rimbaud and the paris commune

Sean Bonney was not impressed by a talk on French poet Arthur Rimbaud and the 1871 revolution in Paris

Last month, the Marx Memorial Library hosted a talk called “Rimbaud and the Paris Commune”, given by the latter-day “decadent” poet Sebastian Hayes. Hayes – whose qualification to talk about the revolutionary aspects of the poetic imagination didn’t amount to much more than having apparently hung out in Paris in 1968 – seemed to know little about Rimbaud, nothing about the Paris Commune and even less about Marx.

The most memorable part of the evening was his suggestion that Marx’s definitive account of the Commune, The Civil War in France was ‘not worth reading’ because it contains ‘too much detail’. It was also surprising to hear his claim that there had been no uprisings in France since 1968: presumably the riots in 2005, or indeed last month’s strikes – still going on while he was speaking – were not ‘poetic’ enough for him.

The talk consisted of a convoluted account of revolutionary France through the eighteenth and nineteenth centuries, a quick biographical account of Rimbaud and a reading of a few poems. It all seemed to be cribbed from somebody’s encyclopaedia.  Hayes basically reiterated the spurious myth that has grown up around Rimbaud as proto-punk rebel living a life of sex and drugs, writing a handful of brilliant poems before burning out around the age of 19. And he had nothing to say about what it was in Rimbaud’s work – or in avantgarde poetry in general – that could be read as the subjective counterpart to the objective upheavals of any revolutionary moment.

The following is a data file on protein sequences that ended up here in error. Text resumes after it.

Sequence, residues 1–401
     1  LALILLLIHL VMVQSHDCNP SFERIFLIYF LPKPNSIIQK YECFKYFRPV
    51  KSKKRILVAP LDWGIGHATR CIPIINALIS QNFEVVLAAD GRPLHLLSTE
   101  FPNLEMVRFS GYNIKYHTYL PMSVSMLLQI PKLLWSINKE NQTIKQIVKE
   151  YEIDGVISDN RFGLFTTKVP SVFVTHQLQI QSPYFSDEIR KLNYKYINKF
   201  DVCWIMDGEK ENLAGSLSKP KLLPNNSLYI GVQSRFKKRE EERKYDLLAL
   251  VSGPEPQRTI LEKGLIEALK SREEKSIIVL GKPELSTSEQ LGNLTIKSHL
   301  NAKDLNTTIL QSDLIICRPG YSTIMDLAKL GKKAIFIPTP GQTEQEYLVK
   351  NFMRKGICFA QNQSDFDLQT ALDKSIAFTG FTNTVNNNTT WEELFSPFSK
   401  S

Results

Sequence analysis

In May 1871 – that is, precisely contemporary with the massacres that concluded the Commune – Rimbaud wrote two letters, known as the “Lettres du Voyant”, where he laid out his poetic programme. As well as repeatedly expressing his desire to be in Paris and stating his feelings of absolute solidarity with the Communards, Rimbaud made two important claims for the poetic imagination, and what poetic work consists of. Put simply, the poet must subject him or herself to a “long, systematic derangement of all the senses”, a process that will destroy bourgeois subjectivity, leading to a point where “I is an other”.

Obviously its possible to read that biographically as a simple recipe for personal excess, but that would be as reductive and stupid as Francis Wheen’s attempts to explain away Marx’s writings on alienation as being to do with his relationship to Judaism. Given the historical context of Rimbaud’s writing and his own commitment to the values of the Commune, I don’t think its pressing the point too much to suggest that the “systematic derangement of all the senses” might include the social senses, and that the desire for “I” to become “an other” might refer to the transformation of the individual subject into the collective during moments of revolutionary upheaval. Certainly the Surrealists, themselves committed communists, thought so when they insisted that Rimbaud must be read alongside Marx to create, as they put it, a “real chemistry”.